Yesterday we saw what the Front Garden had on offer at the beginning of July. Today we head to the shady back garden, under the dappled shade of Silver Maples and other mature trees.
Here’s the path to the Back Garden on the east side of the house. Groundcovers include Wild Ginger (Asarum canadense), Lady Fern (Athyrium filix-femina), and Great Merrybells (Uvularia grandiflora).s
This is what you see after coming through the arbor, looking toward the round patio. While the Front Garden becomes a festival of hot colors during high summer, the Back Garden stays calm throughout the season. There’s an emphasis on white flowers, with occasional dashes of something more intense.
And here looking north to the back fence. The seedheads of the ‘Purple Sensation’ Alliums are still standing.
There’s Clematis back here as well. ‘Ice Blue’ grows on the arbor at the entrance to this part of the garden. There’s also ‘Guernsey Cream’, but it’s not showing any flowers.
At this moment, there is more yellow in back than anywhere else in the garden. That’s thanks to Yellow Corydallis (Corydallis lutea). It seeds pretty aggressively into spots most other plants would avoid. Which can be useful, though I worry a bit that Yellow Corydallis could turn into a pest. It isn’t hard to pull, though.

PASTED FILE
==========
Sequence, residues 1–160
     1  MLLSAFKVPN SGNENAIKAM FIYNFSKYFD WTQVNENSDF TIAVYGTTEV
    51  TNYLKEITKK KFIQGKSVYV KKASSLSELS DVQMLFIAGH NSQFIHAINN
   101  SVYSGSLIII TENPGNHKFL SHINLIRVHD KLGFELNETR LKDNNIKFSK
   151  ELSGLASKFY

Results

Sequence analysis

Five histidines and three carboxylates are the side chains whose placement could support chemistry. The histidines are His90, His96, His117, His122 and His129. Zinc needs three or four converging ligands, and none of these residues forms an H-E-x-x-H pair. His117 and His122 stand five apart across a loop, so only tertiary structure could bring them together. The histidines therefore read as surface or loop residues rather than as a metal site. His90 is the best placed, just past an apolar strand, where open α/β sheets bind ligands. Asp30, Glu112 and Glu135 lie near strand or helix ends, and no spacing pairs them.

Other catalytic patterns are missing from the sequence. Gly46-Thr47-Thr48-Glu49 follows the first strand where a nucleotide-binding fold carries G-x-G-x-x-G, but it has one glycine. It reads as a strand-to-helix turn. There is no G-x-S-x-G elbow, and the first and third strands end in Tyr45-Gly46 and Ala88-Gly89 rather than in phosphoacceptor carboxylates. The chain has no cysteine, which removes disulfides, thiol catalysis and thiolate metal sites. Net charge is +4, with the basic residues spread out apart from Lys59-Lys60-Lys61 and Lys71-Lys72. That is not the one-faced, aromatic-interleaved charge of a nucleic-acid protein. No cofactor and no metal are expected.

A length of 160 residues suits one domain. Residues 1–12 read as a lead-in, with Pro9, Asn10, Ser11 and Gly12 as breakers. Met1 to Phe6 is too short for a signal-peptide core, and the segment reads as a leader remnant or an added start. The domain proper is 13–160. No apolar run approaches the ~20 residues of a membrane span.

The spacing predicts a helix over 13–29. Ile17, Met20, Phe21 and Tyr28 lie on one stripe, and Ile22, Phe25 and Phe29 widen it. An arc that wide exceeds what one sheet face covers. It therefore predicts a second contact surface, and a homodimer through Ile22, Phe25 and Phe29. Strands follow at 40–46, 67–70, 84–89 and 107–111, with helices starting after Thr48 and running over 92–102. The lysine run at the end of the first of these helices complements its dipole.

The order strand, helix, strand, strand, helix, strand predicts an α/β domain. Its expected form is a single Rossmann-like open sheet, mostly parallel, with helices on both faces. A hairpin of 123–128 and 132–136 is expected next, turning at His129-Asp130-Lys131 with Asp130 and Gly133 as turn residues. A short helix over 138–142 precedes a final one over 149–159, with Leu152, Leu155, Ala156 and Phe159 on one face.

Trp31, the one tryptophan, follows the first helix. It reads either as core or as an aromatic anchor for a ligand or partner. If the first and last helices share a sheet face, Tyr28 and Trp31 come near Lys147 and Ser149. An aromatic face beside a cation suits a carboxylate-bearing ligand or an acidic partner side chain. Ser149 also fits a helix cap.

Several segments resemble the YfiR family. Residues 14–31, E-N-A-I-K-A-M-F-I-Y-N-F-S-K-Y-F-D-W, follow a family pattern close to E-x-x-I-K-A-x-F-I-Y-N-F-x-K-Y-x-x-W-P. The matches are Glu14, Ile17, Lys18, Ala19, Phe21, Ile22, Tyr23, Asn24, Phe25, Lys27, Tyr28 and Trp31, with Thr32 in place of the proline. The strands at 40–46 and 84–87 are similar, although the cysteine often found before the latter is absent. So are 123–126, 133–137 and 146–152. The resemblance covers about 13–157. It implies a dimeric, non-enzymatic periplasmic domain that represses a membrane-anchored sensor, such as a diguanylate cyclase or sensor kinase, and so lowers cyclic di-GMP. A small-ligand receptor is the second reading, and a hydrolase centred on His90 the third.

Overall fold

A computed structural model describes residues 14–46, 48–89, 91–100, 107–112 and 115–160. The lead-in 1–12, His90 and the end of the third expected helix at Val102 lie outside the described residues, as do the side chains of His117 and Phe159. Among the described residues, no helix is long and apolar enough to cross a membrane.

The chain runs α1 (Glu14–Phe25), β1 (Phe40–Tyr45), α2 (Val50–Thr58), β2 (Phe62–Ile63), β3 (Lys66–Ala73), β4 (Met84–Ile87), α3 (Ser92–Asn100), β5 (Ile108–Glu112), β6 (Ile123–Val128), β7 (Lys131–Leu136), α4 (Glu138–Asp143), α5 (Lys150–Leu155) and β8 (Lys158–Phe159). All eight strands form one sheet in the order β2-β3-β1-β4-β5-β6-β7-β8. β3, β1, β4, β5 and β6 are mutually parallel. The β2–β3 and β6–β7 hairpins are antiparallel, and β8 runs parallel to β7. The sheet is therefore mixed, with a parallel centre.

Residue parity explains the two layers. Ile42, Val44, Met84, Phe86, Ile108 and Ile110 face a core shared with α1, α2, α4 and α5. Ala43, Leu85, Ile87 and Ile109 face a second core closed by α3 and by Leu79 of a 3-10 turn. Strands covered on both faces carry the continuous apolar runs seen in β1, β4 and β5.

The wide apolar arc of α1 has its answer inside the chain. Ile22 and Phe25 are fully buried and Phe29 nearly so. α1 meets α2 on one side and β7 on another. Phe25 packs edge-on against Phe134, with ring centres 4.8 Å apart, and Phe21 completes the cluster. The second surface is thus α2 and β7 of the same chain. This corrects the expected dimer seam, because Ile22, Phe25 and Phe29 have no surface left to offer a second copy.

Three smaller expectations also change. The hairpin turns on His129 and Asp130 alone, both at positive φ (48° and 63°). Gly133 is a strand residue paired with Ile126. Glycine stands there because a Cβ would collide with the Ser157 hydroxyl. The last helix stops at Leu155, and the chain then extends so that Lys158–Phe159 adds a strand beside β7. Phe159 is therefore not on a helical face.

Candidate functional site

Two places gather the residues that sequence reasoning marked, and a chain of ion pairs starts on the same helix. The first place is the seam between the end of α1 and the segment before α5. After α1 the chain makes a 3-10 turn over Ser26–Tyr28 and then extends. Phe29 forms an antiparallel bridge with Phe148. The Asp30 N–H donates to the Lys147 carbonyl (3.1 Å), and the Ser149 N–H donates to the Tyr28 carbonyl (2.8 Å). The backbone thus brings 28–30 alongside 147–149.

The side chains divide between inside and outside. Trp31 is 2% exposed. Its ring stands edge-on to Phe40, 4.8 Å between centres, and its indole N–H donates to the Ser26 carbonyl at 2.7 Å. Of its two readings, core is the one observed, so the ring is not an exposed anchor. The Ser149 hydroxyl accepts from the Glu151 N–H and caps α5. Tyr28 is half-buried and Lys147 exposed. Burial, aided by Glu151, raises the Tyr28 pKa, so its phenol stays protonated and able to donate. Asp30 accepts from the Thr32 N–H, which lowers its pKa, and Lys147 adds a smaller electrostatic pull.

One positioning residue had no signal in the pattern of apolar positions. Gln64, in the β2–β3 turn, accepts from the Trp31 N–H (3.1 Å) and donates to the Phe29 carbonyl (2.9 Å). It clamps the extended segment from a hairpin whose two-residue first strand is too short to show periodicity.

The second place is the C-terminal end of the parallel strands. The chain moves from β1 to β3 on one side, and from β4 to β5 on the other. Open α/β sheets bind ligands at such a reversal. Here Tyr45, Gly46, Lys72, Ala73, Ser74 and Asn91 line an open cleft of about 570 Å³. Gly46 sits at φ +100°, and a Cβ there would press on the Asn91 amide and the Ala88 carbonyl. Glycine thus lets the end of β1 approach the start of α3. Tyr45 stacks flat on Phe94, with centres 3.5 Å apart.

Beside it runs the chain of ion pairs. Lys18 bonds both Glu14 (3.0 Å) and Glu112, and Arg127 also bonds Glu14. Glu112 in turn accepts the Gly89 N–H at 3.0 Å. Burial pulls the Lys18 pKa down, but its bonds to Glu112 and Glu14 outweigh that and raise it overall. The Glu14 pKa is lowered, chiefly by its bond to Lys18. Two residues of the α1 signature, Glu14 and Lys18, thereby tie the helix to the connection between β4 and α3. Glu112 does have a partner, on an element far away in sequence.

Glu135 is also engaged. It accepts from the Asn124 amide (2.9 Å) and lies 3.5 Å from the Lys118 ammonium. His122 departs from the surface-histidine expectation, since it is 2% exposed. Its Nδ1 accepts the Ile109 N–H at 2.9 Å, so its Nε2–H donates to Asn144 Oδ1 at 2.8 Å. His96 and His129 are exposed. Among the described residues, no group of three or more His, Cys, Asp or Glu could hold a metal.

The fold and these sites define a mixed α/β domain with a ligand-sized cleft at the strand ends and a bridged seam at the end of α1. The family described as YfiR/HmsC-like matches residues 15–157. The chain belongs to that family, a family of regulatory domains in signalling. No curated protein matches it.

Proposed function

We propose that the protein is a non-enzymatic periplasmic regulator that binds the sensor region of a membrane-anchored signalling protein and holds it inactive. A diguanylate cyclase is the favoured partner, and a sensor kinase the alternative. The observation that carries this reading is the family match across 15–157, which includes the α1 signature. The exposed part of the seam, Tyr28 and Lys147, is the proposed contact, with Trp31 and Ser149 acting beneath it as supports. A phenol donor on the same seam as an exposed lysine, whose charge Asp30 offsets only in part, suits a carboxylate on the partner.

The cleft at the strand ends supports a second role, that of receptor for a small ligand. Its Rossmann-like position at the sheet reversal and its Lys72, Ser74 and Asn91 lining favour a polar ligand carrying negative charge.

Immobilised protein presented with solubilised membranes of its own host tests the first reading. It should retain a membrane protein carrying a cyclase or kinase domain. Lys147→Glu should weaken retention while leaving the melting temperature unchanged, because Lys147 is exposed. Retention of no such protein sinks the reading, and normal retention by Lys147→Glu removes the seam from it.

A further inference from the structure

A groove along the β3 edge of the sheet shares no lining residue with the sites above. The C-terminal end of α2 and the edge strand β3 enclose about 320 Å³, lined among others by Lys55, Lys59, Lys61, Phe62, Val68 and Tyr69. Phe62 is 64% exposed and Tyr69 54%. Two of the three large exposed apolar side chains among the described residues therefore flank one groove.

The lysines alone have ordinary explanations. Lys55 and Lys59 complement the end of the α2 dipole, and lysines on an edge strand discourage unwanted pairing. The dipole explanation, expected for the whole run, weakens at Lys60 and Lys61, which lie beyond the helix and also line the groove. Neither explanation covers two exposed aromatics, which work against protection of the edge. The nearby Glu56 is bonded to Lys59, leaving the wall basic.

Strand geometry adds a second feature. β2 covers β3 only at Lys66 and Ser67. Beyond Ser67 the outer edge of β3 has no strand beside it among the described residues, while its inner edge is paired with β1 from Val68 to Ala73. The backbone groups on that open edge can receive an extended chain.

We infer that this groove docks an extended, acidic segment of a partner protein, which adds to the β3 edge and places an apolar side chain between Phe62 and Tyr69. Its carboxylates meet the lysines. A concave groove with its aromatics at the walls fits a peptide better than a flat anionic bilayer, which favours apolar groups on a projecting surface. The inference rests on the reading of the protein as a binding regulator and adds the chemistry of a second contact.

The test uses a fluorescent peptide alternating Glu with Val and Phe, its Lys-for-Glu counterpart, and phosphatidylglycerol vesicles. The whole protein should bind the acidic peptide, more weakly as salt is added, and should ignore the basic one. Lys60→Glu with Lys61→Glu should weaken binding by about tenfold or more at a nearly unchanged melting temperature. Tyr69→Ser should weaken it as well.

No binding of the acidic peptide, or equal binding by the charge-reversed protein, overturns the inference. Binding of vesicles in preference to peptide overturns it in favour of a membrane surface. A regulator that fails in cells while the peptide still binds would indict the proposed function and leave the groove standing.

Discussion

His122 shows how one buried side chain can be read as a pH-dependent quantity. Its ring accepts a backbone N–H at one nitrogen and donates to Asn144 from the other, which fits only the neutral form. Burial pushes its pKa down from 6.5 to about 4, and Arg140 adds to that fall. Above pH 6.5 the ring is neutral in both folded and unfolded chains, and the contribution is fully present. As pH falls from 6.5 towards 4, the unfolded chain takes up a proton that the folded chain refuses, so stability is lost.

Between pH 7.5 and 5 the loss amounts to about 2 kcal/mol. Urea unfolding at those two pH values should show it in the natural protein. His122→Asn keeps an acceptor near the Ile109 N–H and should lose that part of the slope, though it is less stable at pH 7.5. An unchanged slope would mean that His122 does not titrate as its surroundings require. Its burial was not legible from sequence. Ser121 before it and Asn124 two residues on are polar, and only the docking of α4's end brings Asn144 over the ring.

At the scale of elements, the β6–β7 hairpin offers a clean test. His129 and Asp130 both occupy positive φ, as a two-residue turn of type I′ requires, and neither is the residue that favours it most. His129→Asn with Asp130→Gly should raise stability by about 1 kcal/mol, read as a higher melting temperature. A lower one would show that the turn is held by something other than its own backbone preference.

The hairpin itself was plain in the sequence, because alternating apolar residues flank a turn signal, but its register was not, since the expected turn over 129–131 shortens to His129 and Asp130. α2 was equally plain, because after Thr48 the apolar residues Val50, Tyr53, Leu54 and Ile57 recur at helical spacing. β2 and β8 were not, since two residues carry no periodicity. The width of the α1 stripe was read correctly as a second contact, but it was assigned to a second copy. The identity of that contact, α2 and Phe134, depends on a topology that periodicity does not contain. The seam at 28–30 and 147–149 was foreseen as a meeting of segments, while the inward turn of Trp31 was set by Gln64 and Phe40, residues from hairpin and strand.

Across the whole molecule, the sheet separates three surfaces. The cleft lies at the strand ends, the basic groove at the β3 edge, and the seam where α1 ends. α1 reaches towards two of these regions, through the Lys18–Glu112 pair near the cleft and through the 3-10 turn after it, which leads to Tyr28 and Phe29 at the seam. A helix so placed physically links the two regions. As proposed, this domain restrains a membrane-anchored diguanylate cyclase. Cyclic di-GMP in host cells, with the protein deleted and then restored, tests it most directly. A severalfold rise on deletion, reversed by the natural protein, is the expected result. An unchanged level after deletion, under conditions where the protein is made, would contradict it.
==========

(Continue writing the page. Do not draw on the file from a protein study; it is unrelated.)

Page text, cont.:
There’s also White Corydalis (C. ochroleuca), which seems much less aggressive.
Here Yellow Corydalis surrounding some Dwarf Goatsbeard (Aruncus aethusifolius). I hope the Goatsbeard won’t be overwhelmed.
I have tried with minimal success to grow Red Baneberry (Actaea rubra); only one of several plants have survived. I hope the survivor prospers, but I don’t intend to plant any more. Speaking of berries, I forgot to take a picture of the purple fruit on the ‘Autumn Brilliance’ Serviceberries. Robins and squirrels are busy scarfing them down; I should pick a few for myself.
I am quite pleased that I found some Bowman’s Root (Gillenia trifoliata) for sale at the local garden center, and I planted 2 in the Back Garden’s Raised Island Bed. I like the red stems, clean foliage, and irregular star-shaped flowers. These two should form a sizable clump that will make a nice statement in the garden.
A while back I went through a Gray Dogwood (Cornus racemosa) phase, planting it wherever there might be an opening. As a result, I have some nice specimen’s that are covered by clusters of tiny white flowers this time of year. Eventually the flowers yield to white berries that are eaten almost immediately by the birds.
Here’s a close-up of the flowers.
The ‘Annabelle’ Hydrangea (Hydrangea arborescens) has its own clusters of white flowers just now, larger than those of the Gray Dogwood.
A tiny dash of color is provided by the first flowers of Purple-Flowering Raspberry (Rubus odoratum).
The Back Garden doesn’t have much drama; it’s a place for relaxation. Even so, I like to keep enough going on to keep people from getting too sleepy.